Put down those saucer cups and get chugging — tea is officially awesome for your health. But before loading up on Red Zinger, make sure that your “tea” is actually tea. Real tea is derived from a particular plant (Camellia sinensis) and includes only four varieties: green, black, white, and oolong. Anything else (like herbal “tea”) is an infusion of a different plant and isn’t technically tea.


But what real tea lacks in variety, it makes up for with some serious health benefits. Researchers attribute tea’s health properties to polyphenols (a type of antioxidant) and phytochemicals. Though most studies have focused on the better-known green and black teas, white and oolong also bring benefits to the table. Read on to find out why coffee’s little cousin rocks your health.

  1. Tea can boost exercise endurance. Scientists have found that the catechins (antioxidants) in green tea extract increase the body’s ability to burn fat as fuel, which accounts for improved muscle endurance.
  2. Drinking tea could help reduce the risk of heart attack. Tea might also help protect against cardiovascular and degenerative diseases.
  3. The antioxidants in tea might help protect against a boatload of cancers, including breast, colon, colorectal, skin, lung, esophagus, stomach, small intestine, pancreas, liverovarianprostate and oral cancers. But don’t rely solely on tea to keep a healthy body — tea is not a miracle cure, after all. While more studies than not suggest that tea has cancer-fighting benefits, the current research is mixed.
  4. Tea helps fight free radicals. Tea is high in oxygen radical absorbance capacity (“ORAC” to its friends), which is a fancy way of saying that it helps destroy free radicals (which can damage DNA) in the body. While our bodies are designed to fight free radicals on their own, they’re not 100 percent effective — and since damage from these radical oxygen ninjas has been linked to cancer, heart disease and neurological degeneration, we’ll take all the help we can get.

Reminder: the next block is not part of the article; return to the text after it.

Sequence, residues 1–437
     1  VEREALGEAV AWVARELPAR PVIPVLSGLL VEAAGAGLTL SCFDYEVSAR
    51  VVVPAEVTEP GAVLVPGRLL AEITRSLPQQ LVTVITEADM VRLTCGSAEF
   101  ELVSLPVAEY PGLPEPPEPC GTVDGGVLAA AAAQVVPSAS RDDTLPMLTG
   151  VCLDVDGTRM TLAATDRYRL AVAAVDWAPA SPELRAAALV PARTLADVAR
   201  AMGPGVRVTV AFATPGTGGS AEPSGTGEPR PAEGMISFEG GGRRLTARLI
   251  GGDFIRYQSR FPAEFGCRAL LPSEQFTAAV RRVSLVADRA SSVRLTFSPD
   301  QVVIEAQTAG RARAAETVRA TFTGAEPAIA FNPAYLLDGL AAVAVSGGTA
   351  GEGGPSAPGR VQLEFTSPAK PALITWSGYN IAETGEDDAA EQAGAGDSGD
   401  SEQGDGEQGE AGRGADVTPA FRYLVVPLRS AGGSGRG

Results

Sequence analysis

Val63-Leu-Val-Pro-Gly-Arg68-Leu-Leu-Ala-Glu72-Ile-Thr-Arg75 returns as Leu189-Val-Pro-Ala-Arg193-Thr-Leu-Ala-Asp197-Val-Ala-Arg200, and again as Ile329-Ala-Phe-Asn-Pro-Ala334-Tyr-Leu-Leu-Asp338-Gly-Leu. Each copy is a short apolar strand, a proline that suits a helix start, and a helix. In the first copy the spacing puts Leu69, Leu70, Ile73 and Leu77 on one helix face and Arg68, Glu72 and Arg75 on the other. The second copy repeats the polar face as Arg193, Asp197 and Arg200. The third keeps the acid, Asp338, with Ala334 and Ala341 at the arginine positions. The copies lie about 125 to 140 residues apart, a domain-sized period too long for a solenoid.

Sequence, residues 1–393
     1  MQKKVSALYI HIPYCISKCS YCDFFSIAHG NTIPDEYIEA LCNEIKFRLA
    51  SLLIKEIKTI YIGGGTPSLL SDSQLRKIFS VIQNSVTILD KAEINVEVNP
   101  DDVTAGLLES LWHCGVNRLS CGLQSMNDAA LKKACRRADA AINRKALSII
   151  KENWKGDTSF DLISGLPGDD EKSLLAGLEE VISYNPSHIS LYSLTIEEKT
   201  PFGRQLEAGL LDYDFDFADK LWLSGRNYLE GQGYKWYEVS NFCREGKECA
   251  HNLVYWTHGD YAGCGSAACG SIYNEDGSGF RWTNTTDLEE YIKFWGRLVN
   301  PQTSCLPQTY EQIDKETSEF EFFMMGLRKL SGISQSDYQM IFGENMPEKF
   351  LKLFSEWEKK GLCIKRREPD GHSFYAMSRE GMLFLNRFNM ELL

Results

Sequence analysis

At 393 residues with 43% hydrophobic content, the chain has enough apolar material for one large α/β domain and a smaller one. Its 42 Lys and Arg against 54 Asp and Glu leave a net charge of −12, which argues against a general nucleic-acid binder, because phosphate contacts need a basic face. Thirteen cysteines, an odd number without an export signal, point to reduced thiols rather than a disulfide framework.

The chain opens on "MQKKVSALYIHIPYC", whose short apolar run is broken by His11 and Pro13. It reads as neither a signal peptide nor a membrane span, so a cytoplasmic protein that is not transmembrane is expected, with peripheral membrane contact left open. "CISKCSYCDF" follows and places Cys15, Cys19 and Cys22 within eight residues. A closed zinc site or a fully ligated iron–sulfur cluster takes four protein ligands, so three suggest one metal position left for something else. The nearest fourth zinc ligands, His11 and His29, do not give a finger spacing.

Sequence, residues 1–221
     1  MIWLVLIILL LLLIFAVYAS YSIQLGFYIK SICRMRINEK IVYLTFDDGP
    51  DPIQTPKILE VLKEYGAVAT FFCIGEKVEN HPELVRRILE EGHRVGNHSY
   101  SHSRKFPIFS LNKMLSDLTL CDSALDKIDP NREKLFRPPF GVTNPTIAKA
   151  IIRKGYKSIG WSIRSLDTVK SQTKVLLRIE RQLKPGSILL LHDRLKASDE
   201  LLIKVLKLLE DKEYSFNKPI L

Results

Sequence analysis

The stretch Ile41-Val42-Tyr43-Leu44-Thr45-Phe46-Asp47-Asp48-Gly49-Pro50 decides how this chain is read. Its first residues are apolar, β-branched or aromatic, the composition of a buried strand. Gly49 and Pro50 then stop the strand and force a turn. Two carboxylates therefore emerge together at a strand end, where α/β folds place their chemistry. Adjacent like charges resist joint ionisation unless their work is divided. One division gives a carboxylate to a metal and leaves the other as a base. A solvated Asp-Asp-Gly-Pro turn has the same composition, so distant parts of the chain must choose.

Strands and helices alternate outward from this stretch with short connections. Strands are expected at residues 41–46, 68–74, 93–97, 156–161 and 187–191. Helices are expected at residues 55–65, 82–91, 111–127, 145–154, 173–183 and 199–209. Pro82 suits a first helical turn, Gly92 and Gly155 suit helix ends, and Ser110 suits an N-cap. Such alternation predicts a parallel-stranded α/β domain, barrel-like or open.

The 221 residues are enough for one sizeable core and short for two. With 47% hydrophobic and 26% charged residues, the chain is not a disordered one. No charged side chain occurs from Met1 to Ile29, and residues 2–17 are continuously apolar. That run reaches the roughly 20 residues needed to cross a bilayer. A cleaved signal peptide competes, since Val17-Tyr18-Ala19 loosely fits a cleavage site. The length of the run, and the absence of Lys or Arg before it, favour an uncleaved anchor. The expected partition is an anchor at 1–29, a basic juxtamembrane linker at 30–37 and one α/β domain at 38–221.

5. Tea is hydrating to the body (even despite the caffeine!).
  6. Drinking tea is linked with a lower risk of Parkinson’s disease. When considered with other factors like smoking, physical activity, age and body mass index, regular tea drinking was associated with a lowered risk of Parkinson’s disease in both men and women.
  7. Tea might provide protection from ultraviolet rays. We know it’s important to limit exposure to UV rays, and we all know what it’s like to feel the burn. The good news is that green tea may act as a back-up sunscreen.
  8. Tea could keep waist circumference in check. In one study, participants who regularly consumed hot tea had lower waist circumference and lower BMI than non-consuming participants. Scientists speculate that regular tea drinking lowers the risk of metabolic syndrome (which increases the risk of diabetes, artery disease and stroke), although it’s important to remember thatcorrelation does not equal causation.
  9. Regular tea drinking might also counteract some of the negative effects of smoking and might even lessen the risk of lung cancer (good news, obviously, but not a justification for cigs).
  10. Tea could be beneficial to people with Type 2 diabetes. Studies suggest that compounds in green tea could help diabetics better process sugars.
  11. Tea can help the body recover from radiation. One study found that tea helped protect against cellular degeneration upon exposure to radiation, while another found that tea can help skin bounce back postexposure.
  12. Green tea has been found to improve bone mineral density and strength.
  13. Tea might be an effective agent in the prevention and treatment of neurological diseases, especially degenerative diseases (think Alzheimer’s). While many factors influence brain health, polyphenols in green tea may help maintain the parts of the brain that regulate learning and memory.

Though most research on tea is highly positive, it’s not all definitive — so keep these caveats in mind before stocking up on gallons of the stuff:

  1. Keep it cool. Repeatedly drinking hot beverages may boost the risk of esophageal cancer. Give tea several minutes to cool off before sipping.
  2. The studies seem convincing, but a rat does not a human make. Chemicals in tea may react differently in the lab than they do in the human body. Tannins (and the other good stuff in green tea) may not be bioavailable for humans, meaning tea might not always benefit human health to the same degree as in lab studies suggest.
  3. All tea drinks are not created equal. The body’s access to the good stuff in tea might be determined by the tea variety, canning and processing, and the way it was brewed.

The takeaway: at the very least, tea should be safe to consume — just not in excessive amounts. So brew up a batch of the good stuff — hot or cold — and enjoy.

Do you drink tea regularly? Have you noticed any health benefits? Let us know in the comments below!

Read more: 13 Reasons Tea Is (Healthy and) Awesome: |

staying warm!